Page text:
Team moves: how to defend your business

Two judgments handed down at the tail end of last year examined the remedies available to employers who are faced with team moves, whether the threat comes from an established competitor, as in one case, or a start up, as in the other. Team moves can happen very quickly and often prove extremely damaging to a business. This can be particularly so in recruitment businesses where close-knit teams, or desks, are built around the leadership of an individual team leader. Here we explain what happened in each case and the remedies that were available to the wronged employer.

The first of our two cases, Re-Use Collections Ltd v Sendall and May Glass Recycling, serves as a useful reminder of the importance of effectively implementing new employment contracts so as to ensure that restrictive covenants are enforceable, as explained below. In this case the High Court considered a number of the protections open to employers in the absence of enforceable restrictive covenants. 

Mr Sendall had worked for Re-Use for many years without a contract of employment. He eventually signed and entered into an employment contract in February 2013, before resigning on two months’ notice at the end of March 2013.  On 2 April 2013, Mr Sendall’s two sons, who also worked for Re-Use, each gave one week’s notice of resignation and became directors of May Glass Recycling, which actively began trading in competition with Re-Use at the end of April 2013.   

Re-Use’s investigation into this uncanny series of coincidences established that Mr Sendall and his sons had been plotting to set up May Glass in competition with Re-Use for some time.  Mr Sendall had been using his role at Re-Use to search for suitable locations for the new business and had intentionally failed to sign suppliers up to long term contracts so that they would be free to be poached in due course.  He had also been soliciting suppliers and customers of Re-Use on behalf of May Glass. Mr Sendall had done all that he could to conceal his involvement with May Glass, but ultimately, the directors of Re-Use challenged Mr Sendell by appearing unannounced at his office to confront him with the allegations against him.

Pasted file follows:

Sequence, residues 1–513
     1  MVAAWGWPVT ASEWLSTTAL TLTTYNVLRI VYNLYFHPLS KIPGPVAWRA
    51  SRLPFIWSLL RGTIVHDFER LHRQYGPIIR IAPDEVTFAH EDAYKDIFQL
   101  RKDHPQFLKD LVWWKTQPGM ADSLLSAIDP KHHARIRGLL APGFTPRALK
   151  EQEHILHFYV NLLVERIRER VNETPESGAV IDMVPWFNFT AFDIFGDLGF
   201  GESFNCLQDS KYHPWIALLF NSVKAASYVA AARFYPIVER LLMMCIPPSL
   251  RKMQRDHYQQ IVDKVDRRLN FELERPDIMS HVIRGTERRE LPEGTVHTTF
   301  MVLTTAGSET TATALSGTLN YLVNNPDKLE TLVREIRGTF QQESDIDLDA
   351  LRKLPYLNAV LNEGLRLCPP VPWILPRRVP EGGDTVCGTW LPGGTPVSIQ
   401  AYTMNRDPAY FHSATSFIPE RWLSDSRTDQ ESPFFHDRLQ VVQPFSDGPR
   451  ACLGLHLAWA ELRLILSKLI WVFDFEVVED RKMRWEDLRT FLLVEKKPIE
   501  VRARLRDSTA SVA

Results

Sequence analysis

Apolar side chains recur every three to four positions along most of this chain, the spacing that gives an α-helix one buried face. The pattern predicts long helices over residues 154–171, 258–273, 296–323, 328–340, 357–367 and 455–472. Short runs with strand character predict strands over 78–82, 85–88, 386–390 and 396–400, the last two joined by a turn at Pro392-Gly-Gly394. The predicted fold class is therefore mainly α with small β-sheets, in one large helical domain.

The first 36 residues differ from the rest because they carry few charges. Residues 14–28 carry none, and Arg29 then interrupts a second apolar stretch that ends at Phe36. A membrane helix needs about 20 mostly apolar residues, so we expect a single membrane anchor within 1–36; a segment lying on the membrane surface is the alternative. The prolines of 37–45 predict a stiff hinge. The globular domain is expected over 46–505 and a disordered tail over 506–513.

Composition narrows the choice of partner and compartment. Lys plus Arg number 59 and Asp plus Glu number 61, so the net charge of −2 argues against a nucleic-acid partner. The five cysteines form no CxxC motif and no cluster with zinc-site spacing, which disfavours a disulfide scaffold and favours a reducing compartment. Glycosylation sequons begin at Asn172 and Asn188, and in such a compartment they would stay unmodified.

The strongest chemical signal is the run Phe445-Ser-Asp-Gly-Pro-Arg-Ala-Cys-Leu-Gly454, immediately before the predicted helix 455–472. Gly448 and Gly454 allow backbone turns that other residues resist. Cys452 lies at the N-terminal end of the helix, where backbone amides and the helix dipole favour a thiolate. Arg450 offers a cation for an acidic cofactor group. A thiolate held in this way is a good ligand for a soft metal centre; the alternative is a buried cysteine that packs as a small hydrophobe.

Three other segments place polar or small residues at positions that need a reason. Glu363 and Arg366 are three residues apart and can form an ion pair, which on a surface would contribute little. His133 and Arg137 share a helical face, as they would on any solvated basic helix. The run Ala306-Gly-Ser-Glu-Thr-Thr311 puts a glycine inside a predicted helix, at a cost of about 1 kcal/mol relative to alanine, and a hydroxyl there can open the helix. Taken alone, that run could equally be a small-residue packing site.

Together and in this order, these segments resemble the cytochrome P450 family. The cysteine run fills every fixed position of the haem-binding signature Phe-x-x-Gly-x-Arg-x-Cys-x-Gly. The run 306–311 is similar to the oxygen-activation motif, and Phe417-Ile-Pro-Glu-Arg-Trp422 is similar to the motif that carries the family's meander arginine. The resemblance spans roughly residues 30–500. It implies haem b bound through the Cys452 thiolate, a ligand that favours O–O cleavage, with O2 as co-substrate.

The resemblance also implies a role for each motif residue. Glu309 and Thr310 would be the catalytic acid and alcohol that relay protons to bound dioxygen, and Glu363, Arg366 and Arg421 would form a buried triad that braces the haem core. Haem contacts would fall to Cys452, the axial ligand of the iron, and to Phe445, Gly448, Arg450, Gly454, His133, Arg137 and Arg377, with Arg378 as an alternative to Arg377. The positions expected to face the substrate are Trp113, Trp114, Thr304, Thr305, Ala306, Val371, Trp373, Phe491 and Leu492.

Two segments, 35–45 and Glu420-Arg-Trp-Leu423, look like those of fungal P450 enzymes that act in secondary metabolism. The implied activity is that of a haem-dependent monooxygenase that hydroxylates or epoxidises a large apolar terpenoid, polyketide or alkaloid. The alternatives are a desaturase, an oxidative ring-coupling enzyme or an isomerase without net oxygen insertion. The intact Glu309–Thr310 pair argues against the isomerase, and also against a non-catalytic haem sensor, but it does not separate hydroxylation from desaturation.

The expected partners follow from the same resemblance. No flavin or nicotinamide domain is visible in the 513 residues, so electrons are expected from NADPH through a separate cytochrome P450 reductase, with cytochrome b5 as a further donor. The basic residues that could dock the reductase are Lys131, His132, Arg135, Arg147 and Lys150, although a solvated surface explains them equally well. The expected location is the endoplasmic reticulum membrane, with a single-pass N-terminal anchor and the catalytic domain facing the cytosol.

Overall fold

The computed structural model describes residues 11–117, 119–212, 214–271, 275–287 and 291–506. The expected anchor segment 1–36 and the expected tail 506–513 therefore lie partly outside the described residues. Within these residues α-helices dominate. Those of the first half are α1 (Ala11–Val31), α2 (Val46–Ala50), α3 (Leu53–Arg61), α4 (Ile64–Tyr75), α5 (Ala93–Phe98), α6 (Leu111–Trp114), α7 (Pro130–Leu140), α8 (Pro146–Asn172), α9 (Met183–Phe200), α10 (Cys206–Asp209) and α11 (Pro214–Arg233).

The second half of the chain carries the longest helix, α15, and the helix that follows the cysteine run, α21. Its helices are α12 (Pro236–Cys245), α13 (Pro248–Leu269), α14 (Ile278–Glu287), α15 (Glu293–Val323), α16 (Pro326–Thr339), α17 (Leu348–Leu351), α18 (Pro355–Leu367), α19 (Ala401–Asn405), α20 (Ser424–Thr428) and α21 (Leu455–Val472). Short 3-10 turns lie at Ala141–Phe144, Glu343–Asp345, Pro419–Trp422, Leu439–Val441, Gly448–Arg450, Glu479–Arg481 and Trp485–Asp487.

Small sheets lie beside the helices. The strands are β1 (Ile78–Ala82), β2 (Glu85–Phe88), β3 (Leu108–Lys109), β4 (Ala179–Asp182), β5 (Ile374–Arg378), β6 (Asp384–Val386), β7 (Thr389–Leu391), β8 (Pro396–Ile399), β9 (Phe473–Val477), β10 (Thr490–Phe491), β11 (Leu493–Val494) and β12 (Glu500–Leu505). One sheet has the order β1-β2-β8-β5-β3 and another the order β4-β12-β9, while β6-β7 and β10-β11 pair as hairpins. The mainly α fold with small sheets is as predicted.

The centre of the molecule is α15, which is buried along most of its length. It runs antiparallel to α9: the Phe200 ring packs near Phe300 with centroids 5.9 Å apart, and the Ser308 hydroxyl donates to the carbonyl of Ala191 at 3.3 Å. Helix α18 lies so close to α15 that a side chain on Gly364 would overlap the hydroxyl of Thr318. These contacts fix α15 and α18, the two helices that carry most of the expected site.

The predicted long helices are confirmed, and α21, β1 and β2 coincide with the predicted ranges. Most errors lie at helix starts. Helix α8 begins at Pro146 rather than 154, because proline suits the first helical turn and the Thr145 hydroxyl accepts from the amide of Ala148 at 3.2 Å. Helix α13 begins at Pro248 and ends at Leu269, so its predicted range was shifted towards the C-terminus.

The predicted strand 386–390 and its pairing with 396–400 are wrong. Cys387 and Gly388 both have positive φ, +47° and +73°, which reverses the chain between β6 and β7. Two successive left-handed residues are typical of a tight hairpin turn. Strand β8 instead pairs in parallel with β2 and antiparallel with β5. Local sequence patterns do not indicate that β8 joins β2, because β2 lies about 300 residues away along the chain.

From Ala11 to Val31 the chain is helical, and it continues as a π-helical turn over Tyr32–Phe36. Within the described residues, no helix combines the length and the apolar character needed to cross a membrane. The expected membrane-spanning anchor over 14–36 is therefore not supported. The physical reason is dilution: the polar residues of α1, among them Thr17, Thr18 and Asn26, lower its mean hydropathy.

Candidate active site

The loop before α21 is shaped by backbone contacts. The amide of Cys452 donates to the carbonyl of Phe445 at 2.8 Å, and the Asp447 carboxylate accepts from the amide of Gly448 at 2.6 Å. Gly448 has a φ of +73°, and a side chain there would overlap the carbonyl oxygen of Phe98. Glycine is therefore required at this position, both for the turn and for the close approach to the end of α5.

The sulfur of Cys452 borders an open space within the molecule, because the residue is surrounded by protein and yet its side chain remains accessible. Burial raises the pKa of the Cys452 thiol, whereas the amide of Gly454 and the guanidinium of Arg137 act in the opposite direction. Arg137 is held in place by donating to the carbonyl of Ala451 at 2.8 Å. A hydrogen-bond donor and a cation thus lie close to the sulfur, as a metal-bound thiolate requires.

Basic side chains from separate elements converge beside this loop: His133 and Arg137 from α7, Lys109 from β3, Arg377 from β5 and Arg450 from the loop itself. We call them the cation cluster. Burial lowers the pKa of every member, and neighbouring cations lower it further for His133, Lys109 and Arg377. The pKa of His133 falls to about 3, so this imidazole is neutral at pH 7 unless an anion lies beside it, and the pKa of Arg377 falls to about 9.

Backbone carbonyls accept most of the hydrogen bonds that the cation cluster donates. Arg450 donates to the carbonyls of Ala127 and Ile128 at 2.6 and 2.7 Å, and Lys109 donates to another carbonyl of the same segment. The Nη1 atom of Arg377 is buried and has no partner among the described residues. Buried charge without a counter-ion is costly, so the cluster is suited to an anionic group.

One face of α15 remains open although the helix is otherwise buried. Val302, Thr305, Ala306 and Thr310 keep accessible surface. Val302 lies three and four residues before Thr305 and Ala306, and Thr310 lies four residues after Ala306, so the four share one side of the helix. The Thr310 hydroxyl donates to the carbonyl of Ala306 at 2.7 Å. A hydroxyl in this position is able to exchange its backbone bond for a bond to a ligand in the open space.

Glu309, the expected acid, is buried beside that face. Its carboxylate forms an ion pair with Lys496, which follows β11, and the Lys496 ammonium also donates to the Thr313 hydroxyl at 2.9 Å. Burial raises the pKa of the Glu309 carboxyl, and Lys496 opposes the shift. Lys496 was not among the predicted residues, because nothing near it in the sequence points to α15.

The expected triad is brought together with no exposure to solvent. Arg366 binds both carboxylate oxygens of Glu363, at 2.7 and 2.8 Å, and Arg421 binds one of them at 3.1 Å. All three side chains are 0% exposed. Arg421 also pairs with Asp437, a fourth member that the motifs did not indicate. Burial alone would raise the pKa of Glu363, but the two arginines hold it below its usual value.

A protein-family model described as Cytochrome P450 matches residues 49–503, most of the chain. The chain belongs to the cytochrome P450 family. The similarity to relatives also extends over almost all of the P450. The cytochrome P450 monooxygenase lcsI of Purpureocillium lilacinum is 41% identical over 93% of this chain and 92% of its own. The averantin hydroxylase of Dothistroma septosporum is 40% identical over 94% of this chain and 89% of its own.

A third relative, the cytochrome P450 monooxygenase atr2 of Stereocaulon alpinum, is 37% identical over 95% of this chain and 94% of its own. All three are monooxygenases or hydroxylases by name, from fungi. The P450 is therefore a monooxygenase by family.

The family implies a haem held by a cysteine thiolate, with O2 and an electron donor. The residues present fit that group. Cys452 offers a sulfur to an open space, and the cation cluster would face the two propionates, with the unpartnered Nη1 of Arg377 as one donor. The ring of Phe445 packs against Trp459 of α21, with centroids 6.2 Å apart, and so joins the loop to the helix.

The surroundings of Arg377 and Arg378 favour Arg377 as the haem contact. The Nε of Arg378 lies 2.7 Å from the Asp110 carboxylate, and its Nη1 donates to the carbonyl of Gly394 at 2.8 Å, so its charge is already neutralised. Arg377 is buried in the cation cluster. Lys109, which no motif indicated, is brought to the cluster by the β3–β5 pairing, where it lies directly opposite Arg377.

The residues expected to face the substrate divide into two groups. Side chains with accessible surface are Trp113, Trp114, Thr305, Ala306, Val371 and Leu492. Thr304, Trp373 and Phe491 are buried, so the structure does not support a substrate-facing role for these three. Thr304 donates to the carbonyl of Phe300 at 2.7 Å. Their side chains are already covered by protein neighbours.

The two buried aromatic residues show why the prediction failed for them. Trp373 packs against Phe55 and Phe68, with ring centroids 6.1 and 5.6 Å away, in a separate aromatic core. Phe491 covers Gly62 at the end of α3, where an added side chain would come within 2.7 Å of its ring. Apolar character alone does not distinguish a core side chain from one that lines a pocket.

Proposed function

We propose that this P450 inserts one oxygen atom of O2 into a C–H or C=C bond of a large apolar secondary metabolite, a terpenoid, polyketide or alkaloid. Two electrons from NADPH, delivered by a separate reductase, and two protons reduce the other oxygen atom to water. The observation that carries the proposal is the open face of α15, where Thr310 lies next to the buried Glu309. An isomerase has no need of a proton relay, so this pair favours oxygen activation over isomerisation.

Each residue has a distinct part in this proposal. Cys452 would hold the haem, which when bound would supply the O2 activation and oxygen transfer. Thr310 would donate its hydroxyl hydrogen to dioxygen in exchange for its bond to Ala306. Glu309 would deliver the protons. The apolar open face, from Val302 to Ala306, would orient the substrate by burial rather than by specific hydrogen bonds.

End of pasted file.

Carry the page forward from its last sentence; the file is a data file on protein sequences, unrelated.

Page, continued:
Re-Use successfully applied for interim injunctions against both Mr Sendall and May Glass to prevent further breaches pending trial, relying on Mr Sendall’s duty of good faith and fidelity, fiduciary duties and the restrictive covenants contained in his recently-signed employment contract.

Re-Use next sought redress by bringing a number of claims against Mr Sendall in the High Court. It sought to rely on Mr Sendall’s duty of good faith and fidelity, fiduciary duties and the restrictive covenants contained in his recently-signed employment contract.

Mr Sendall countered the claims against him with a claim for constructive dismissal on the basis of the directors’ confrontation of him.  This was given short shrift by the court: because of the nature of the allegations, it was imperative that no notice was given to Mr Sendall of the meeting as in all likelihood he would not have attended and would have fled with documents belonging to the company.  Given the circumstances, the court also held that, in any event, Re-Use would have been entitled to dismiss Mr Sendall summarily for gross misconduct. This does, however, serve as a useful reminder of how to conduct investigations into alleged team moves: any action by an employer in fundamental breach of contract risks the enforceability of post-termination restrictive covenants.

The court found that the restrictive covenants in Mr Sendall’s contract were not enforceable because Mr Sendall had not received any consideration for entering into his new contract of employment.  Re-Use argued that a pay rise in January 2013 and the extension of employment were sufficient consideration, but there was insufficient evidence that the salary increase was linked to the new contract which contained the restrictions. The importance of providing employees with clear and valuable consideration in return for signing up to new contracts part-way through their employment cannot be stressed enough. Making the signature of new contracts a condition for receiving an enhanced benefit, pay rise or bonus is the clearest way to ensure that you do not get caught out by this.

Re-use argued that, as a senior employee, Mr Sendall owed fiduciary duties to the company.   Fiduciary duties are heightened duties owed by directors and those of similar standing within a business.  The court held that although Mr Sendall was clearly very senior in the company, he was not a director, had not been involved in board meetings, and that there was no express provision in his contract consistent with him owing fiduciary duties.